Some of the shine might be coming off the ACT economy but the national capital is still expected to show solid growth this year, according to a new report.
The latest Deloitte Access Economics Business Outlook says Canberra posted the fastest rate of growth of any State or Territory last financial year but looking ahead, ‘some of that glitter will begin to fade’ as the Stage 1 light rail project and other big construction projects near completion.
Last financial year’s growth of 4.2 per cent is tipped to moderate this year to 2.7 per cent, before lifting to 3.2 in 2020, before falling back again to 2.9 in 2021 and 2022 and 2.5 in 2023.
The report says job growth is slowing, led by a fall-off in construction sector employment.
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“This may be a sign of things to come, as some large construction projects finish (including phase one of the Canberra light rail project), and as the positive impact of a peak in housing construction fades (especially among apartments),” it says.
While the housing pipeline remains robust, the report casts doubt over its delivery, saying there is increasing uncertainty as to how much will end up being built.
It also says that with more stock on the market, house prices moderating and further falls expected due to tighter lending requirements, higher mortgage rates and the fall-out from the Sydney and Melbourne markets, there may be less incentive to build more homes.
But with the ACT Government committing to a $100 million housing strategy to boost the level of affordable shelter in the Territory, combined with high population growth, increasing rents and falling vacancy rates, demand for housing should remain strong.
“On balance, Deloitte Access Economics forecasts housing construction activity to hold at its current high level as the existing pipeline works its way through the system,” the report says.
Master Builders Australia’s latest forecasts also point to housing remaining strong in the ACT, particularly when compared with the rest of the country, although it sees some ‘softening’ ahead.
Master Builders ACT CEO Michael Hopkins said: “During 2017-18 the ACT’s housing sector had boomed to produce 4994 new dwellings, however over the three months to October, new dwelling approvals fell back by 7.8 per cent indicating residential building activity might see some softening over the coming months. Engineering construction also slipped by 7.1 per cent over the year to September 2018 due to the ‘hump’ of the light rail project being crossed.”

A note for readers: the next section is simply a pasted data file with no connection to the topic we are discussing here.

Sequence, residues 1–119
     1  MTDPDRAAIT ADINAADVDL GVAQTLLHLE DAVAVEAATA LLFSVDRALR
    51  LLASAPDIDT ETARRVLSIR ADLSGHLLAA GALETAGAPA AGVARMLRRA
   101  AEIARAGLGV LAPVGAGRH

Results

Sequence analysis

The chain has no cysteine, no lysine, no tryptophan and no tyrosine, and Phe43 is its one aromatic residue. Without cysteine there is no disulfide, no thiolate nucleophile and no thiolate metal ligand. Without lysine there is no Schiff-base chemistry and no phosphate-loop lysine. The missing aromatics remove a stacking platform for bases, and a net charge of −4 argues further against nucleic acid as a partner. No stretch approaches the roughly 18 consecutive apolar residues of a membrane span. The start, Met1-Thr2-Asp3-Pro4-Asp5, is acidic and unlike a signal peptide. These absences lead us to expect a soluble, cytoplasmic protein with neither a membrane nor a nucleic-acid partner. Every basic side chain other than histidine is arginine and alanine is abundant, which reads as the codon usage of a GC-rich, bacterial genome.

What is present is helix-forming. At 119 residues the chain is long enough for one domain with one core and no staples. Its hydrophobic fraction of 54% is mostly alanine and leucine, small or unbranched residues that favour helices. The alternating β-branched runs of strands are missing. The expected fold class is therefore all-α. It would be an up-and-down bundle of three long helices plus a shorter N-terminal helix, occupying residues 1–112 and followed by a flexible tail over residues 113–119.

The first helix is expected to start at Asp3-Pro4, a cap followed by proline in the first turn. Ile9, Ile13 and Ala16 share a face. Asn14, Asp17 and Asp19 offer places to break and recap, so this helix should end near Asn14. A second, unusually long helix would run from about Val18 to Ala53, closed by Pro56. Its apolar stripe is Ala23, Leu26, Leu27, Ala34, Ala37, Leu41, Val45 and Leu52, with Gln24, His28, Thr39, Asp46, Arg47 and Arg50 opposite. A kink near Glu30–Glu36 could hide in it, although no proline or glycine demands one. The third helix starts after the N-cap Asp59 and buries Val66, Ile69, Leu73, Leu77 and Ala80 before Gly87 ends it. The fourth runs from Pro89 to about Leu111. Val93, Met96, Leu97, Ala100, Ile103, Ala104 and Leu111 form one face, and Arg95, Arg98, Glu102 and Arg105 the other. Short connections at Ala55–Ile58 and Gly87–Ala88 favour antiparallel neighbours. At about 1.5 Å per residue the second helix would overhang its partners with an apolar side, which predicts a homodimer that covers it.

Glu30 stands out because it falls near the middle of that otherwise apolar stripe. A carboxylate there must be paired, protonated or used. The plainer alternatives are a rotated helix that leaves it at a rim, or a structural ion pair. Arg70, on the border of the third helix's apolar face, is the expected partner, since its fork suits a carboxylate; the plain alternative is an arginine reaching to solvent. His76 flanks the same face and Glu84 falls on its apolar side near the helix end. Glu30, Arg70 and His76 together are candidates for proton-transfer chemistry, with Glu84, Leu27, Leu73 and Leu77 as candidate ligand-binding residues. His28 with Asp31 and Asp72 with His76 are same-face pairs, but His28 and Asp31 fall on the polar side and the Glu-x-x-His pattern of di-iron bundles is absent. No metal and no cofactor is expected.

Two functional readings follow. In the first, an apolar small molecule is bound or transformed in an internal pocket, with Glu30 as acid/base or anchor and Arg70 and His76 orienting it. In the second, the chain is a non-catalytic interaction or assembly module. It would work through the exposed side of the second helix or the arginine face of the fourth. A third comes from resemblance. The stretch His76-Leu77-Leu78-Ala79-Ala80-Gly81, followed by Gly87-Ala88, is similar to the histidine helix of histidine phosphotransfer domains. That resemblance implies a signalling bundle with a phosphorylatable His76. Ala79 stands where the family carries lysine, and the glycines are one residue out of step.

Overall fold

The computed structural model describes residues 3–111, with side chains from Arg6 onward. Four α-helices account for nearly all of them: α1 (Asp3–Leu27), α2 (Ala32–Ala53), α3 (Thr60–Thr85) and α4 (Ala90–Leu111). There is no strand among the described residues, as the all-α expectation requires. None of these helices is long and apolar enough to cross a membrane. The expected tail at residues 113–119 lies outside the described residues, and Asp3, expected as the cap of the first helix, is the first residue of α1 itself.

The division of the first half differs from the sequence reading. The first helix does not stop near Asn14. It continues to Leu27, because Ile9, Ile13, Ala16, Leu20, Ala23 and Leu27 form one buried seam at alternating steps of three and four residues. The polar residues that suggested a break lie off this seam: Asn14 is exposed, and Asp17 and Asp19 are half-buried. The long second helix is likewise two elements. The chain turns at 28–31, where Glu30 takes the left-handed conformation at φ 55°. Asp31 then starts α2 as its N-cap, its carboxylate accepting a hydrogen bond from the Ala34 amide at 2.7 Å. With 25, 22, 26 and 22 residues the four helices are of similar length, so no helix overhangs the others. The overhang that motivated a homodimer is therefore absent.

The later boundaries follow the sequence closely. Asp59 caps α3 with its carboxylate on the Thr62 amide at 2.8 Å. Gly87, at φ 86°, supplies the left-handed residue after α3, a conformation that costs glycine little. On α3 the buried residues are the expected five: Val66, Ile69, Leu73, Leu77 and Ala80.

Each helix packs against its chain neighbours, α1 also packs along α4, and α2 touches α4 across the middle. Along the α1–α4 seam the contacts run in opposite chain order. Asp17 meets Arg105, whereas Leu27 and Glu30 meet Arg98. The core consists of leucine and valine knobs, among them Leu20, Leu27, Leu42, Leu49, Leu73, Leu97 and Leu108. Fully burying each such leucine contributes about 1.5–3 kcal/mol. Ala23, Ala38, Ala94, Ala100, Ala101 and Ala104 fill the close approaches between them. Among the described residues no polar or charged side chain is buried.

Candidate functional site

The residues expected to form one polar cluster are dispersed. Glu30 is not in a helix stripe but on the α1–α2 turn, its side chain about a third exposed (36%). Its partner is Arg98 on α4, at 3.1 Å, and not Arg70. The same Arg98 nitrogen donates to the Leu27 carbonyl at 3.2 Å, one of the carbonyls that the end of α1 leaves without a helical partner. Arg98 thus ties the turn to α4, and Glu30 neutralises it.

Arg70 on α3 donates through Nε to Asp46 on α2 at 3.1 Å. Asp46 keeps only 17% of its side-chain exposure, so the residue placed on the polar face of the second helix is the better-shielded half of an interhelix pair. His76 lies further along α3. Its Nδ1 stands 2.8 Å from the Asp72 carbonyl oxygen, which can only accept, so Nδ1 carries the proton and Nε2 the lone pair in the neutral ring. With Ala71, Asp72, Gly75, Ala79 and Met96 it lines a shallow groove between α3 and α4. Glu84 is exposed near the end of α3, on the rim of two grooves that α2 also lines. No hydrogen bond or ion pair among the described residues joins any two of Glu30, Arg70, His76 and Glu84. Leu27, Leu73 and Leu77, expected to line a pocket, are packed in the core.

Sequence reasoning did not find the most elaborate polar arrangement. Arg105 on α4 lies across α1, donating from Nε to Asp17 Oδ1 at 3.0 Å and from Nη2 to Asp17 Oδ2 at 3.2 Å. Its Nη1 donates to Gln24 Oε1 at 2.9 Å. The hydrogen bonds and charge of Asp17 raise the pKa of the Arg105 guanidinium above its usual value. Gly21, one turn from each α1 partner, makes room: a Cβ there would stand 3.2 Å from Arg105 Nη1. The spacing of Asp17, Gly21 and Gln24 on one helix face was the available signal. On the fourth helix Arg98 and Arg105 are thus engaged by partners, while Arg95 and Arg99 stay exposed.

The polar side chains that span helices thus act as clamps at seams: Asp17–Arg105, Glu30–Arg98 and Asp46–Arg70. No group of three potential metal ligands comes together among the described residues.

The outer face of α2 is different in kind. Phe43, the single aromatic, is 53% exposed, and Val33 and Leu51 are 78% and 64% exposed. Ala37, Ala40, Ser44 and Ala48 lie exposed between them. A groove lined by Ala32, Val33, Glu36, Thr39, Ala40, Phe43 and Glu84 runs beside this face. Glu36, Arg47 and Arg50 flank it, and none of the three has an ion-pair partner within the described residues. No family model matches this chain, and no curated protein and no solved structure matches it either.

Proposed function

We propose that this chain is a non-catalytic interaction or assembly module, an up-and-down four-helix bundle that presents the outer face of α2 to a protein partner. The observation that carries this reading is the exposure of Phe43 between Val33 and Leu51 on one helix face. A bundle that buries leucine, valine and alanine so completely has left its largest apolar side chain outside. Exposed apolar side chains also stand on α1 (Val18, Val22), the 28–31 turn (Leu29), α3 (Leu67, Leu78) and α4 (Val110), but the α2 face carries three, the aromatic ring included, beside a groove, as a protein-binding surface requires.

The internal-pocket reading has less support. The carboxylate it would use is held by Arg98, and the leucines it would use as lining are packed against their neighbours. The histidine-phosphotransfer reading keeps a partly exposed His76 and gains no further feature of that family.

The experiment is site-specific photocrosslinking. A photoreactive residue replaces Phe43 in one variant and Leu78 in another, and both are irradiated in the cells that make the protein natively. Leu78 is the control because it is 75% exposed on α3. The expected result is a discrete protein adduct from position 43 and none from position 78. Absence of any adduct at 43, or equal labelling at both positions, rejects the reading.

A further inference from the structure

Deloitte Access Economics says commercial construction is in good shape, with the value of work done growing by more than a quarter in the latest data and the pipeline strong in the retail, education, health and accommodation sectors.
All up, there are $2 billion worth of projects under construction, with a further $2 billion across the various planning stages, boosted by the $500 million redevelopment of the Australian War Memorial.
The report says that the return to Commonwealth surplus is also a positive for the ACT, with less chance of public service job cuts.
In fact, the ACT has benefited from a lift in Commonwealth Government spending, and helped by low interest rates and the lower Australian dollar, which has made the Territory’s higher education sector more competitive and attracted more international students.
“Much like other tourists, foreign students add to spending in local shops, restaurants and increase demand for housing. This has contributed to the good retail trade results over the past year,” the report said.